disorder when carefully combined with other more directly operating



Angelica archangelica. N.O. Umbelliferae.

Synonym : Garden Angelica.

Habitat: Marshes and watery places generally.

Features: Stem up to five feet high ; erect, shiny, striated. Leaves lanceolate, serrate,

terminal leaflet lobed. Umbels globular. Root fleshy, aromatic, much branched


Part used: Root, herb, seed.

Action: Carminative, stimulant, expectorant, diaphoretic, diuretic.

Infusion of 1 ounce herb to 1 pint boiling water. Dose, a wineglassful

frequently. Used in coughs, colds, urinary disorders. The sweetmeat

known as candied angelica is made by preserving the dried leaf stalks with



Geum urbanum. N.O. Rosaceae.

Synonym: Colewort, Herb Bennet.

Habitat: Hedges, woods and shady banks,

Features: This slender, sparsely branched plant reaches a height of one to two feet.

The stem leaves have two leaflets, with one margin-toothed terminal lobe. The root

leaves are on long stalks with two small leaflets at the base. The yellow, erect flowers,

with naked styles, appear between May and September. The root is short, hard and

rough, with light brown rootlets.

Part used: Herb and root.

Action: Astringent, tonic, antiseptic and stomachic.

The properties of Avens make for success in the treatment of diarrhoea

and dysentery. The tonic effect upon the glands of the stomach and

alimentary tract point to its helpfulness in dyspepsia. In general debility

continued use has had good results. The astringent qualities may also be

utilized in cases of relaxed throat Although wineglass-ful doses three or

four times daily of the 1 ounce to 1 pint infusion are usually prescribed,

Avens may be taken freely, and is, indeed, used by country people in

certain districts as a beverage in place of tea or coffee.


Melissa officinalis. N.O. Labiateae.

Synonym : Lemon Balm, Sweet Balm.

Habitat: Borders of woods and in hedges, particularly in south of England. Common in


Features : Stem one to two feet high, freely branched, square, smoothish. Leaves

stalked, opposite, broadly ovate, coarsely serrate, wrinkled, hairy. Numerous small,

white or yellowish flowers, in loose bunches from leaf axils. Roots long, slender,

creeping. Taste and odour of lemon.

Part used: Herb. Action : Carminative, diaphoretic, tonic.

In influenza and feverish colds, to induce perspiration. Aids digestion.

Infusion of 1 ounce to 1 pint boiling water, taken freely.


Chelone glabra. N.O. Scrophulariaceae.

Synonym : Bitter Herb. Snake Head, Turtle Bloom, Turtle Head

Habitat: Common in North America.

Features : Short-stalked leaves, opposite, oblong, lanceolate. Fruits ovate, half-inch

long, bunched on short spike, two-celled, with roundish, winged, dark-centred seeds.

Very bitter taste.

Part used : Leaves.

Action : Anthelmintic, detergent, tonic.

Used in constipation, dyspepsia, debility, and children's worms.

Sometimes added to alteratives. Infusion of 1 ounce to 1 pint water in

wineglassful doses. Powdered herb, 5-10 grains.


Berberis vulgaris. N.O. Berberidaceae.

Synonym : Berberidis, Berbery, Gouan.

Habitat : Woods and hedges, also gardens.

Features : Shrub or bush, three to eight feet high. Leaves obovate, bristly serratures.

Flowers bright yellow clusters, raceme, pendulous. Berries red, oblong. Stem bark

thin, yellowish-grey externally, inner surface orange yellow, separating in layers.

Root dark brown, short fracture. Very bitter taste.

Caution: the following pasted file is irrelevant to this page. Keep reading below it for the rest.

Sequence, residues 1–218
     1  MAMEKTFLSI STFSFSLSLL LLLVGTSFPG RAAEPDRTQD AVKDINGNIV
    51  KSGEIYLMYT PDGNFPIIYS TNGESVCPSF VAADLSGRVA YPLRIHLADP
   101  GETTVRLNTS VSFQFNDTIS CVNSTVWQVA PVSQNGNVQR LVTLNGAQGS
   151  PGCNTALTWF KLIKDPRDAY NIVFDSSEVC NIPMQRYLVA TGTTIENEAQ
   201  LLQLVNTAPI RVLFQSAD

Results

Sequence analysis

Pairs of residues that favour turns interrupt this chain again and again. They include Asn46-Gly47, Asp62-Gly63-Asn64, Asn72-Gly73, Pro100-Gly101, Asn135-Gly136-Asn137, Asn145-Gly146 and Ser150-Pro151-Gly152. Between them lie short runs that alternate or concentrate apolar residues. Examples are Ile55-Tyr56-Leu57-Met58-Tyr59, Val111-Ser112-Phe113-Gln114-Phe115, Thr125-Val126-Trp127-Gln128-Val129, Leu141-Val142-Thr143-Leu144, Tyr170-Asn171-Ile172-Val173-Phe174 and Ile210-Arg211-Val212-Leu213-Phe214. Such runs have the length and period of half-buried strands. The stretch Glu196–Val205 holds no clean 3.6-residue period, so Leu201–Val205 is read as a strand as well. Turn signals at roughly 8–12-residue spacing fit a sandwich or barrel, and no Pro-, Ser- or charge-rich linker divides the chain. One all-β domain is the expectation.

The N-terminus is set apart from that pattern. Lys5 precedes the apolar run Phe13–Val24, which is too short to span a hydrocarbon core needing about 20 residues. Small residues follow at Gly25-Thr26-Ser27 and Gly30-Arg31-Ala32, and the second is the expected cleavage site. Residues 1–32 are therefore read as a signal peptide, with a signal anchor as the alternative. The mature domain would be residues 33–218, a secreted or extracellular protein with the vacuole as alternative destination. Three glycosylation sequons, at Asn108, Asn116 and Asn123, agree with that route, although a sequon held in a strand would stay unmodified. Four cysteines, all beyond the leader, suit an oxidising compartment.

Part used : Bark, rootbark.

Action : Tonic, antiseptic, purgative.

Jaundice and other liver derangements. General debility. Regulates

digestion, corrects constipation. 1/4 teaspoonful of powdered bark, three

or four times daily.


Myrica cerifera. N.O. Myricaceae.

Synonym : Candleberry, Waxberry, Wax Myrtle.

Habitat: Near the sea in pastures and on stony soils.

Features: The bark has a white, peeling epidermis covering a hard, reddish-brown

layer beneath. It is slightly fibrous on the inner surface, and the fracture is

granular. The taste is pungent, astringent and bitter, the odour faintly aromatic.

Part used : The bark is the only part of the Bayberry shrub now used as a medicine.

Action: A powerful stimulant, astringent and tonic to the alimentary tract.

Bayberry bark is one of the most widely used agents in the herbal

practice. It figures in many of the compound powders and is the base of

the celebrated composition powder, a prescription of which will be found

in the "Herbal Formulae" section of this volume. In cases of coldness of

the extremities, chills and influenza, an infusion of 1 ounce of the

powdered bark to 1 pint of water is taken warm. This assists circulation

and promotes perspiration, especially when combined with Cayenne as in

the formula referred to above.

As an antiseptic the powder is added to poultices for application to ulcers,

sores and wounds. It also makes an excellent snuff for nasal catarrh, and

an ingredient in tooth powders, for which a prescription is given in the

section previously mentioned.

The virtues of Bayberry bark were recognized and used beneficially by the

herbalists of many generations ago. Indeed, their enthusiasm for this, as

for certain other remedies also extremely efficacious within proper limits,

led them to ascribe properties to the bark which it does not possess.

Many affections of the uterine system, fistula, and even cancer were said to yield to its influence. Even in these cases, however, Bayberry bark certainly did less harm than many of the methods employed by the more orthodox practitioners of

that time !

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Re: random bits about herbs
Post # 8
wow this is so useful, thank you. i love how much information you have.
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Re: random bits about herbs
Post # 9

thank you i try

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Re: random bits about herbs
Post # 10
Nice work again Kara!! :D You and your herbs! :P